Feel free to trim off those ends.

Feel free to trim off those ends.

Time to sew

Then you can start sewing! Remember to try for a box shape within your block of fabric, and to keep that space away from the edges. After you’ve sewn all the way around to finish that box shape, cut off the excess thread and get ready to do some shredding!

Be careful to give a decent number of cuts as you go around the fabric because the more you cut, the more thorough your raggedy quality could be!

Be careful to give a decent number of cuts as you go around the fabric because the more you cut, the more thorough your raggedy quality could be!

Now, shredding happens to be a bit more time consuming than I expected, but it’s a simple process! All you do is take your scissors and cut from the edges of the fabric inward, but never so far that you cut your stitches since that can seriously damage your final product! Also, be careful to give a decent number of cuts as you go around the fabric because the more you cut, the more thorough your raggedy quality could be!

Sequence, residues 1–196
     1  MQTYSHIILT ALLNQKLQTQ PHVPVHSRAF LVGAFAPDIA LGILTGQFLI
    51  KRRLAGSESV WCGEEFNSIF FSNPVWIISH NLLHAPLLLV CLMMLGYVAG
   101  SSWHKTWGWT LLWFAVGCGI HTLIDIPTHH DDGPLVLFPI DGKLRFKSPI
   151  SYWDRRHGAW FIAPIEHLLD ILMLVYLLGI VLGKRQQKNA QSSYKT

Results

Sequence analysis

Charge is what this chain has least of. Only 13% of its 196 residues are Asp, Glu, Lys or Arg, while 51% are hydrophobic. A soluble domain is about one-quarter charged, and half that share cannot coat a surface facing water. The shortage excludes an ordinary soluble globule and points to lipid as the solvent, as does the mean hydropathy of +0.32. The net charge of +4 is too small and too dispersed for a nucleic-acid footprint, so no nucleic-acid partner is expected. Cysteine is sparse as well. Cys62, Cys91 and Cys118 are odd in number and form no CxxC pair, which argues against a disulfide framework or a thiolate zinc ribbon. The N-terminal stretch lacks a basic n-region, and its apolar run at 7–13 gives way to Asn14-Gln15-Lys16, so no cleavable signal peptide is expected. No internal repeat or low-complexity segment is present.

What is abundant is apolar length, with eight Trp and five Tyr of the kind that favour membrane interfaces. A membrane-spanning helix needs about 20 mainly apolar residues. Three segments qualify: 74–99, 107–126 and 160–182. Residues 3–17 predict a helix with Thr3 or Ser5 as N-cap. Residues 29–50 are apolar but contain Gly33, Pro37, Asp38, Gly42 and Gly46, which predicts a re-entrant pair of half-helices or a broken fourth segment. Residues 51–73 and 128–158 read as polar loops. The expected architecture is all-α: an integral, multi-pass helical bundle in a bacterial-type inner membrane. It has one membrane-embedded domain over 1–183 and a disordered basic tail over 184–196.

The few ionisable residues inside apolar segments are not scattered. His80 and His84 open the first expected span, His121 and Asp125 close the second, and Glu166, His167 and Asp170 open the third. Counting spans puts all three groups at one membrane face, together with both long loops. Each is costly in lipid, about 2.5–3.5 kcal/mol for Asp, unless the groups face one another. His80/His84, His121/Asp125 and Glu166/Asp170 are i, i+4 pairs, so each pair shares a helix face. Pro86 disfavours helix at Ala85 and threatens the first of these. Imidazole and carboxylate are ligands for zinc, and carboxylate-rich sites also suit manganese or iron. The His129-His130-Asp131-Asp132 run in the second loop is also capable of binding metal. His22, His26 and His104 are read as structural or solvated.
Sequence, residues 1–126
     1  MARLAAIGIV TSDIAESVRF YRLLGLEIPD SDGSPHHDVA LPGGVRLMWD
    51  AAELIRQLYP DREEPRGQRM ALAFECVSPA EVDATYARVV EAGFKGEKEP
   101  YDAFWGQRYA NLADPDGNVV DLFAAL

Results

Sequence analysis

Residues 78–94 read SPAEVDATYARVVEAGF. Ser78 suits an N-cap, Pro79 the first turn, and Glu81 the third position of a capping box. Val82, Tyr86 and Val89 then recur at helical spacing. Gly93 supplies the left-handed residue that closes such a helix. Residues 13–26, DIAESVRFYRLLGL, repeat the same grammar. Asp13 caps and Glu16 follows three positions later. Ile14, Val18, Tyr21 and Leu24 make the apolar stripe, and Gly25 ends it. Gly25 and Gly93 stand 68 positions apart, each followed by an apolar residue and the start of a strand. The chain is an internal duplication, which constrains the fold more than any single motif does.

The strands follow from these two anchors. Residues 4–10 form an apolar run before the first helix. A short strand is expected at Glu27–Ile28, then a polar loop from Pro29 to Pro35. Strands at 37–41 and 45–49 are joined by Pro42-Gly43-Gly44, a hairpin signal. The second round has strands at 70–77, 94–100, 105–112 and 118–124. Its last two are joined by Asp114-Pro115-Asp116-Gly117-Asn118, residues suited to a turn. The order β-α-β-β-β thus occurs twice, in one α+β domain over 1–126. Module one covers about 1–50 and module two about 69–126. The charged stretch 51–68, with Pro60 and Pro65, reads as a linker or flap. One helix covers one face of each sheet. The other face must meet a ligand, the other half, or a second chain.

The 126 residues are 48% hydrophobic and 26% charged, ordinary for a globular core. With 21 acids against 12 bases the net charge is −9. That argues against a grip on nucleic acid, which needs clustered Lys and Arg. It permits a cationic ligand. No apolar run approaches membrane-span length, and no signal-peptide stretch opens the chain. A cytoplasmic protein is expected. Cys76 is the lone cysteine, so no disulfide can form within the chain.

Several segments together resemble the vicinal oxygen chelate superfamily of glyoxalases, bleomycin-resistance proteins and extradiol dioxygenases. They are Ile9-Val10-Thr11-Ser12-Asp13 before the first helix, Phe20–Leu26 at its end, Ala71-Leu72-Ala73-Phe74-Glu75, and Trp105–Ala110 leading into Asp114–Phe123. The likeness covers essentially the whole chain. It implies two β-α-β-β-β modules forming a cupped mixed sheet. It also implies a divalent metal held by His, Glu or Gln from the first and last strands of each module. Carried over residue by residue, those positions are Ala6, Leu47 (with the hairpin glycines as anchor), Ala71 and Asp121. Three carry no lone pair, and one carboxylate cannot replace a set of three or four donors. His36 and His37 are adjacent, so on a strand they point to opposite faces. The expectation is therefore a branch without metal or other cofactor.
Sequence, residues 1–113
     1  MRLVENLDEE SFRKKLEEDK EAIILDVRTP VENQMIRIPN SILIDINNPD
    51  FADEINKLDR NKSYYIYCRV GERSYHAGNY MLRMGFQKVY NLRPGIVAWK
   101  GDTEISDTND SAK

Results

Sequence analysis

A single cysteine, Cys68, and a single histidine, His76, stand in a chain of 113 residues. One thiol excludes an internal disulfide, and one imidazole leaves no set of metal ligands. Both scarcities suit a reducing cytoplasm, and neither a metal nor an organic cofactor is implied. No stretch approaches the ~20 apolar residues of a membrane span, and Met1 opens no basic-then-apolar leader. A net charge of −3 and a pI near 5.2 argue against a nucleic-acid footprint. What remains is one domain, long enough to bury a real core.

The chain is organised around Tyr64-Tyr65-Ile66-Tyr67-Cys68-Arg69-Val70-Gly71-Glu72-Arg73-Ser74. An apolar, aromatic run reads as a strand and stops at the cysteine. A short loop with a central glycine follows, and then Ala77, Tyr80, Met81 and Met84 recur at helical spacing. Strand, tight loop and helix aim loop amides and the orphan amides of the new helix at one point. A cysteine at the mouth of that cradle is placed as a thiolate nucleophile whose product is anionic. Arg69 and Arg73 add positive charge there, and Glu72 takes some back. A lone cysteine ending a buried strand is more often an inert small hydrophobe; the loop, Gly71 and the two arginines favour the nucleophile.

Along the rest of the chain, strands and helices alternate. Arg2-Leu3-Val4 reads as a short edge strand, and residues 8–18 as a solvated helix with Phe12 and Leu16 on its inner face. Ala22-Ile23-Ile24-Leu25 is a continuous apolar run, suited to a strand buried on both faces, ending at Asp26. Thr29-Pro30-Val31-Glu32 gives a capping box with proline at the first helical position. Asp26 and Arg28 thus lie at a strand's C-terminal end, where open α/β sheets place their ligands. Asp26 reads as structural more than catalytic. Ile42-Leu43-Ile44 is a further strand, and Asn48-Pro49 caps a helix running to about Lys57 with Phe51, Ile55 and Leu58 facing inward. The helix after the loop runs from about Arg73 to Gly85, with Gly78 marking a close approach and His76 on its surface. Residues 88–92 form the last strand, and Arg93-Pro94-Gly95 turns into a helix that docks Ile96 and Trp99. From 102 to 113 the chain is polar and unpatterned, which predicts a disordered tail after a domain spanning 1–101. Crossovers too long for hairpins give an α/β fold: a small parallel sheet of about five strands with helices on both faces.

Common mistake

Another tip on shredding is to make sure that you’re cutting through all layers of your coaster or quilt. I noticed a time or two that I’d left the bottom layer uncut for some of my shreds, so missing a space here or there is an easy thing to do! For a thorough job, check your results as you go along!

Once the shreds are finished, you’re ready to throw your product in the washing machine! Believe it or not, the washing and drying process makes those simple cuts attain that raggedy appearance!

What I learned from this experience is that making a rag quilt is going to be more complex than I expected. I’ll need to cut fabric, layer it, sew it, then shred it, and shredding is pretty tedious! I honestly wasn’t mentally prepared for what awaited me, and I think I have a better idea now. Although it’s different than the quilts/blankets I’ve made before, I’m still interested in making one. So, basically, the hunt for a Valentine’s Day project worked out differently than I thought — but still well!